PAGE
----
Review: Legends of Zita the Spacegirl

After saving the world (well, a world) in Zita the Spacegirl, Zita’s back and dealing with her new-found notoriety (aided in part by Piper, of course) as well as more galactic threats, robots and other assorted creatures in Ben Hatke‘s sequel, Legends of Zita the Spacegirl (First Second, 2012).

After a robot accidentally replaces Zita, she finds herself on the run from the law. She’s aided by the beautiful and mysterious Madrigal and a living ship as she has to get back to her friends and stop another threat.

Light on dialogue and heavy on action, Hatke pushes the plot forward at every moment.  His style is a little bit looser than it is in the first book but still retains the dynamic, animated quality the first one had. Colors are a bit more vibrant and bold than they were in the first book. Hatke’s skills at presenting the openness of space or vast landscapes is complimented by the intimacy of his smaller moments. He uses the space of his pages and panels well.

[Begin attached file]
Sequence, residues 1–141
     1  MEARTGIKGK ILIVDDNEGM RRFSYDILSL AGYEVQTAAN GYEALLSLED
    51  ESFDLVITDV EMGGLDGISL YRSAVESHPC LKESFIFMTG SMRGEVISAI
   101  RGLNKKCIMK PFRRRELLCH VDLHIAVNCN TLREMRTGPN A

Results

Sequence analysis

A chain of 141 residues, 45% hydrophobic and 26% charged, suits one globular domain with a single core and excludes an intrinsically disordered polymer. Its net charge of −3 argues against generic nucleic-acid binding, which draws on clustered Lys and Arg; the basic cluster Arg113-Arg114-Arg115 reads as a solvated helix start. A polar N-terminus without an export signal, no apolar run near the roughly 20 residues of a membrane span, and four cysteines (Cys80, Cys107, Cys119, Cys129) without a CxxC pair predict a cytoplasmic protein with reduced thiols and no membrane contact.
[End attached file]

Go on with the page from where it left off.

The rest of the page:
His images and creatures continue to be creative and delightful. Hatke is a wonder at building worlds were anything is possible and so giant space heart monsters and living ships that look like flowers don’t feel out of place. He’s clearly having fun and it’s hard to not get caught up in that.

Silent scenes (although some are peppered with sound effects) do more to convey Zita’s wonder, fear and perseverance than any dialogue could. She’s growing into a strong and capable young heroine (and her interest and fascination with Madrigal points to a possible future path for Zita). She’s fun, likeable and a realistic little girl and I can see why people of all ages continue to connect with her.

Still, the book has a manic, breathless quality and I felt we didn’t get to spend at much time with Zita since she was always on the move. The other returning characters also suffered a bit — Piper, especially, isn’t given much to do — and the new ones drop in and out. I imagine Madrigal will be showing up again but while I loved the way Robot Zita’s story was resolved, it felt a little rushed.

But there’s more Zita stories coming and as much as I’d love for Zita to get back home, I want to follow her planet-hopping adventures for as long as possible.